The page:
Reanimated Lavender Granola Switchblade Nun rides again.

Tuesday, November 23, 2021

The Drowsing Moon


"Take the ribbon from your hair

shake it loose and let it fall"

--Kris Kristofferson

The moon drowses now, in her compartment

made of asters on a train to the sea

and she seeks in her dream the department

of missent lilies, mislaid carelessly.

Her petition is dancing so sweetly

that the gods search their memories for tears

to stitch where her silver crescent appears.

The moon is blemished now, by dawn and time

and the train master calls for her sorrow

to be served as gin with a wedge of lime

and then forwarded on to tomorrow

where what they can't buy, the asters borrow

a mixing of winds as a bandage to bind

her with thread of forgetting, serpentined.


for Tuesday Poetics: Fay Collins

art by Fay Collins

this poem is a rhyme royal


  1. You had me at "made of asters on a train to the sea." I liked "the department of missent lilies". An eloquent piece, rife with sorrow. with hope put like a spiderweb between the lines.

  2. Wow, Shay! This rhyme royal weaves dissonant images seamlessly together, the meter never missing a beat on this melancholic train ride. It has the fearlessness of nursery rhymes, seemingly nonsensical but with an internal consistency of hidden emotion demanding activity, in this case leaving the pain, the binding of wounds. Absorbing, riveting poetry to read again and again.

  3. Sorrow served as gin with a wedge of lime. I love that.

  4. Effortless, gorgeous. The form supports and exalts rather than overwhelms (as so much rhyme is wont to do) - and the close: the bitter and sweet hope of forgetting. Superb. ~

  5. Exquisite poetry, Shay! That image of the moon 'served as gin with a wedge of lime' will stay with me.

  6. What a beautiful use of form! This just flows so gorgeously, the imagery is dreamlike and delightful, and all sorrow should be served with a slice of lime.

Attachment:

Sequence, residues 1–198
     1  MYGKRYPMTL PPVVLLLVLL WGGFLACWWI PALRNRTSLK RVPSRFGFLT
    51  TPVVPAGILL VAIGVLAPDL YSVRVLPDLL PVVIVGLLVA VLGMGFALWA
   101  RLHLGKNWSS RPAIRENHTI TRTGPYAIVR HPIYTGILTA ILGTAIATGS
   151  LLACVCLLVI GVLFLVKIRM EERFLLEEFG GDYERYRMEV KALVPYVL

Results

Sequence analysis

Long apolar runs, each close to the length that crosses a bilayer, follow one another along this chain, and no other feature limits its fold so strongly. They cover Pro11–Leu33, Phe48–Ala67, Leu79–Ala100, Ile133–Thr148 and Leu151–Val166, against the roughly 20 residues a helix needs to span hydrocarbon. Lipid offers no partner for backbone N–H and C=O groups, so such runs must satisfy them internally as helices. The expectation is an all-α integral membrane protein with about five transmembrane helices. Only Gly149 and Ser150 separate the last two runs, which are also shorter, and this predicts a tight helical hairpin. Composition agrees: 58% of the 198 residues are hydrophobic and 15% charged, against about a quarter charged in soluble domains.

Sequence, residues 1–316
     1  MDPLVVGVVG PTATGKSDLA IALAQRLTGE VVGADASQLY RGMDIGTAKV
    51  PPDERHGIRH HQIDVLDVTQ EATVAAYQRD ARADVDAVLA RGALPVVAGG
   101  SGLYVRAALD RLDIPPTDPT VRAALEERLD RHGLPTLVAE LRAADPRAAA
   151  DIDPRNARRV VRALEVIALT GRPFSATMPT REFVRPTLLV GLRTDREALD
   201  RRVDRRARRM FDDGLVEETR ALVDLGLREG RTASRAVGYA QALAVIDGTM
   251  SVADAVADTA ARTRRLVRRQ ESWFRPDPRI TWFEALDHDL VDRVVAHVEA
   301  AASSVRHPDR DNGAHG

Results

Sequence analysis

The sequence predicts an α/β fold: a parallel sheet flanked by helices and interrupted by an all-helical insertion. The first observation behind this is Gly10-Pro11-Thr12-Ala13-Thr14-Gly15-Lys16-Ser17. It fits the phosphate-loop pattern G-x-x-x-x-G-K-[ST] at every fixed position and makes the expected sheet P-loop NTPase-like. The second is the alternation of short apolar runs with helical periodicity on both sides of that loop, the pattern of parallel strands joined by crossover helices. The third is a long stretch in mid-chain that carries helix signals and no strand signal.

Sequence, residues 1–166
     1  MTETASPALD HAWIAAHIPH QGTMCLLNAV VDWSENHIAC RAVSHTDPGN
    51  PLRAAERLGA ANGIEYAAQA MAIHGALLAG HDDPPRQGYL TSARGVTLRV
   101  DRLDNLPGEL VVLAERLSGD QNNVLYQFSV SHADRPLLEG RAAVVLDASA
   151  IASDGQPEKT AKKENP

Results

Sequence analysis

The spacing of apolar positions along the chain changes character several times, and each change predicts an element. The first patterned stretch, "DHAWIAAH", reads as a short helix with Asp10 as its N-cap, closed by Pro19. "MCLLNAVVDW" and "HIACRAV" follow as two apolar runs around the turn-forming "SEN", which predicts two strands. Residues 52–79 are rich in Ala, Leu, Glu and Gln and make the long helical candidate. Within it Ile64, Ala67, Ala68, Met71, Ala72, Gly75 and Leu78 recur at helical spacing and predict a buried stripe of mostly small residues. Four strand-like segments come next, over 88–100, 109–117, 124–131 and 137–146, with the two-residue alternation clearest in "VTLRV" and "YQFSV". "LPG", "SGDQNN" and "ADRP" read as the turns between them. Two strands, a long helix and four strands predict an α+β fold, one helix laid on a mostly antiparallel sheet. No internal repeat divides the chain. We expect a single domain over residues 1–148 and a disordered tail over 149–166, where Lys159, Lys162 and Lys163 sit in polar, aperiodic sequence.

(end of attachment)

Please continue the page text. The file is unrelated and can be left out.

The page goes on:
7. The form suits the spirit of the poem, wistful, serene in sorrow that has been paid for and is now a curio to be dusted off occasionally for the memories. the first time I read it, I didn't even notice the rhyme, the second, it was like music. I especially love the asters, in all their incarnations here, and in the final lines, especially. Dreamy dreams, indeed. Just beautiful.

  8. I really love that this might be about someone you met at work. All the mail terminology—it very much makes me want to hear the real story. :)

    I also love imagining it being about a girl observed in a mental ward, perhaps being written about by a poetic nurse. The train master is her therapist, and the silver crescent is maybe a scar on her wrist. The bandage at the end (my favorite part) is a straitjacket. The asters are those who attend to her, hold her down, medicate her.

  9. You fiil that water with moons and sadness.

  10. Thank you each and all for the wonderful comments.

  11. Beautiful piece Shay, and I really like the form — and I am not usually a form fan. Wonderful imagery of the moon, a favorite poetic subject for me. Excellent!

  12. This is excellent... I feel that that the train leads nowhere in the end... just goes on and on. Love all the great lines, and it reminds me of the lyrics in a song by Chris de Burgh called "Spanish Train", a long time since I listened to that one.

  13. Love all the imagery, especially liked, "The moon is blemished now, by dawn and time," it is so evocative! ❣


Spirit, what do you wish to tell us?